another random user sends word that a set of newly-granted Apple patents published by the USPTO includes an alternative to the near field communication (NFC) technology that has begun to pop up in mobile devices. From the article: "Apple has received a Granted Patent relating to techniques for triggering a process within a portable electronic device that identifies itself for purposes of establishing communications with another device that is in proximity. At the moment, NFC is the technology that's getting all of the attention lately in respect to making it easier for two mobile devices to share information. While Apple is likewise doing research with NFC, they're also working with an alternate methodology for which they've now gained a patent for. In accordance with Apple's newly granted patent, a method for network device discovery monitors a compass output in a portable electronic device. As the portable device and an external device come closer to each other, a magnetic field signature is computed based on the monitored compass output. A determination is then made as to whether the computed signature could be associated with or implies that a previously defined type of electronic device (with which a network device discovery process can be conducted) is in close proximity. In other words, as the two devices come closer to each other, their respective magnetic characteristics cause the compass output to change in a way that implies that a network device discovery process should be initiated between the two devices."
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adamengst writes "In this TidBITS article, Matt Neuburg explores how Mac OS X 10.6 Snow Leopard changes how the operating system handles preferred application bindings, dropping support for the creator codes that have been part of the Mac OS from the early days. He also explains how to work around the problem, if you want, for instance, text documents created with BBEdit to open in BBEdit even when TextEdit is the default handler for text files."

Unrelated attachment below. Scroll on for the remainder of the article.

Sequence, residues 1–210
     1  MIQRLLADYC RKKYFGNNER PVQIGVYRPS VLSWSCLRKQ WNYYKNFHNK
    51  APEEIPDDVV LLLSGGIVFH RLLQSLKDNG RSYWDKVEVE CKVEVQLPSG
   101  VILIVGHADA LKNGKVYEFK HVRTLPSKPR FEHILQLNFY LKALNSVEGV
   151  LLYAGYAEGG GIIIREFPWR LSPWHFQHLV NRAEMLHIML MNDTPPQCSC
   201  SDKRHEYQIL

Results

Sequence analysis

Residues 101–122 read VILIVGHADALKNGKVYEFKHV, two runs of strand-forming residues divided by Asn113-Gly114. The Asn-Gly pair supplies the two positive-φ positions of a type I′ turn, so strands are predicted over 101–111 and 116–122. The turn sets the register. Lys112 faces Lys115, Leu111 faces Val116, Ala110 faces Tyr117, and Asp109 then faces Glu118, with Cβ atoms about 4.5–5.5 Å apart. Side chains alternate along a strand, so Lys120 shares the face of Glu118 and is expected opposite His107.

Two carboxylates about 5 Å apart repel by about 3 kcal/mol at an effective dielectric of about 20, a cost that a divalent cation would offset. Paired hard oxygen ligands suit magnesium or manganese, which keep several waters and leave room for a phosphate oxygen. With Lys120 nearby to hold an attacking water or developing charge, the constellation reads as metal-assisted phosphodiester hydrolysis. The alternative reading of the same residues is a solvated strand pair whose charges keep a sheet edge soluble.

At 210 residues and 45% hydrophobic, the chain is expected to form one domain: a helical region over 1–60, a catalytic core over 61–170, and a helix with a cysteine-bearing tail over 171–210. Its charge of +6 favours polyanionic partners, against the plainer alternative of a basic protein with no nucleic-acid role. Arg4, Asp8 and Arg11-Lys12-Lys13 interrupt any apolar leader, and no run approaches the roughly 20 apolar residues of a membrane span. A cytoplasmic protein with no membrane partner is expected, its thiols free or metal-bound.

blackbearnh writes "With the release of the 3.1 iPhone OS, application developers will finally be able to develop augmented reality (AR) apps. In other words, Terminator Vision is right around the corner. O'Reilly Media recently talked to Chetan Damani, one of the founders of Acrossair, about how they developed their new AR application, Nearest Tube, which displays the closest London Tube stations over a live video overlay on an iPhone 3GS. According to Damani, developing AR applications on the 3GS is dead easy, and the real trick will be developing good augmented reality apps. 'It's all about who's going to have the most amount of data and the most valid data. So there's the obvious types of apps which you're going to launch and those are the find me my nearest bar, find me my nearest event, find me the nearest tube stop, find me the nearest ATM. And those sorts of apps are all going to be around. But they're only going to be useful for when you're trying to look for things. So if we want to get users to use augmented reality a little bit more, we have to start introducing other bits of functionality, things like show me the offers available in a particular high street. Show me when I'm walking down a high street if there's a table available at a particular restaurant. And it's that sort of interactivity and providing that real-time data in this augmented reality view which is going to start getting people to use it a lot more rather than just for show me where the nearest area is.'"
An anonymous reader writes "COLLADA — the group creating open 3D data standards — announced their latest contest winners at Siggraph 2009. Ordinarily this wouldn't interest me, but the grand prize winner, NaviCAD, really did submit something rather interesting — an iPhone app that lets you explore Google 3D Warehouse models. Of course there's the pinching for zooming in/out, but it also uses the motion sensor to control the view. If you are walking around the inside or outside of a building, as you look around in the real world the view on the iPhone displays the corresponding view."
Toe, The writes "Apple has submitted a patent application for technologies which would detect device-abuse by consumers. The intent presumably being to aid in determining the validity of warranty claims. 'Consumer abuse events' would be recorded by liquid and thermal sensors detecting extreme environmental exposures, a shock sensor detecting drops or other impacts, and a continuity sensor to detect jailbreaking or other tampering. The article also notes that liquid submersion detectors are already deployed in MacBook Pros, iPhones and iPods. It does seem reasonable that a corporation would wish to protect itself from fraudulent warranty claims; however the idea of sensors inside your portable devices detecting what you do with them might raise eyebrows even beyond the tinfoil-hat community."